The Times's flawed journalism continued in the weeks after the war began, when writers might have broken free from the cloaked government sources who had insinuated themselves and their agendas into the prewar coverage. I use ''journalism'' rather than ''reporting'' because reporters do not put stories into the newspaper. Editors make assignments, accept articles for publication, pass them through various editing hands, place them on a schedule, determine where they will appear. Editors are also obliged to assign follow-up pieces when the facts remain mired in partisan quicksand.

The apparent flimsiness of ''Illicit Arms Kept Till Eve of War, an Iraqi Scientist Is Said to Assert,'' by Judith Miller (April 21, 2003), was no less noticeable than its prominent front-page display; the ensuing sequence of articles on the same subject, when Miller was embedded with a military unit searching for W.M.D., constituted an ongoing minuet of startling assertion followed by understated contradiction. But pinning this on Miller alone is both inaccurate and unfair: in one story on May 4, editors placed the headline ''U.S. Experts Find Radioactive Material in Iraq'' over a Miller piece even though she wrote, right at the top, that the discovery was very unlikely to be related to weaponry.

The failure was not individual, but institutional.

When I say the editors got it ''mostly'' right in their note this week, the qualifier arises from their inadequate explanation of the journalistic imperatives and practices that led The Times down this unfortunate path. There were several.

The hunger for scoops -- Even in the quietest of times, newspaper people live to be first. When a story as momentous as this one comes into view, when caution and doubt could not be more necessary, they can instead be drowned in a flood of adrenalin. One old Times hand recently told me there was a period in the not-too-distant past when editors stressed the maxim ''Don't get it first, get it right.'' That soon mutated into ''Get it first and get it right.'' The next devolution was an obvious one.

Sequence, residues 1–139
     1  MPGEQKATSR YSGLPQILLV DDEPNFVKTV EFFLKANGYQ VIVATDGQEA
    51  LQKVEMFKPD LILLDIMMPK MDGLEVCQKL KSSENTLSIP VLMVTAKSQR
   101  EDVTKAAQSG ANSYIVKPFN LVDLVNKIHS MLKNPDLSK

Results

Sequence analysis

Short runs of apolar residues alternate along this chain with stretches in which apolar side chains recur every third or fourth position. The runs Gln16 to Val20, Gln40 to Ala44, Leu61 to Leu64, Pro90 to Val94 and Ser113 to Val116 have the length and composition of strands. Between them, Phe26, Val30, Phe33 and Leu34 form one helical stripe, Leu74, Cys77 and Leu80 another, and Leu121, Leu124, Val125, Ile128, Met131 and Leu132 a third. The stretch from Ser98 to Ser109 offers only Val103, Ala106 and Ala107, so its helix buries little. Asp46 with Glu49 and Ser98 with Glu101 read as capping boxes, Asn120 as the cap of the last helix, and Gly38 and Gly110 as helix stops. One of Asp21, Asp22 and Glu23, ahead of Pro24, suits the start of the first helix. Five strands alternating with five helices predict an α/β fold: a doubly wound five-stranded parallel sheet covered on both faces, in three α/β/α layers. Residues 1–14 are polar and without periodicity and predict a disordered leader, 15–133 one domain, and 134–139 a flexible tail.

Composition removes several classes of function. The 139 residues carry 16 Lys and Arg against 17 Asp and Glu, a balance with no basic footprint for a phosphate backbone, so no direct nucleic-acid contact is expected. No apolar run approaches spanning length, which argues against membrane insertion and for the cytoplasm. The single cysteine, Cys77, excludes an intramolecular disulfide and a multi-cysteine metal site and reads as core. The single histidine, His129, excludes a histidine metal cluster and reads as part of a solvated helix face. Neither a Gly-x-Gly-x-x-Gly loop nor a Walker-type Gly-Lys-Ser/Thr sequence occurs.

War requires an extra standard of care, not a lesser one. But in The Times's W.M.D. coverage, readers encountered some rather breathless stories built on unsubstantiated ''revelations'' that, in many instances, were the anonymity-cloaked assertions of people with vested interests. Times reporters broke many stories before and after the war -- but when the stories themselves later broke apart, in many instances Times readers never found out. Some remain scoops to this day. This is not a compliment.

Front-page syndrome -- There are few things more maligned in newsroom culture than the ''on the one hand, on the other hand'' story, with its exquisitely delicate (and often soporific) balancing. There are few things more greedily desired than a byline on Page 1. You can ''write it onto 1,'' as the newsroom maxim has it, by imbuing your story with the sound of trumpets. Whispering is for wimps, and shouting is for the tabloids, but a terrifying assertion that may be the tactical disinformation of a self-interested source does the trick.

''Intelligence Break Led U.S. to Tie Envoy Killing to Iraq Qaeda Cell,'' by Patrick E. Tyler (Feb. 6, 2003) all but declared a direct link between Al Qaeda and Saddam Hussein -- a link still to be conclusively established, more than 15 months later. Other stories pushed Pentagon assertions so aggressively you could almost sense epaulets sprouting on the shoulders of editors.

Hit-and-run -- journalism The more surprising the story, the more often it must be revisited. If a defector like Adnan Ihsan Saeed al-Haideri is hailed by intelligence officials for providing ''some of the most valuable information'' about chemical and biological laboratories in Iraq (''Defectors Bolster U.S. Case Against Iraq, Officials Say,'' by Judith Miller, Jan. 24, 2003), unfolding events should have compelled the paper to re-examine those assertions, and hold the officials publicly responsible if they did not pan out.

In that same story anonymous officials expressed fears that Haideri's relatives in Iraq ''were executed as a message to potential defectors.''

Were they? Did anyone go back to ask? Did anything Haideri say have genuine value? Stories, like plants, die if they are not tended. So do the reputations of newspapers.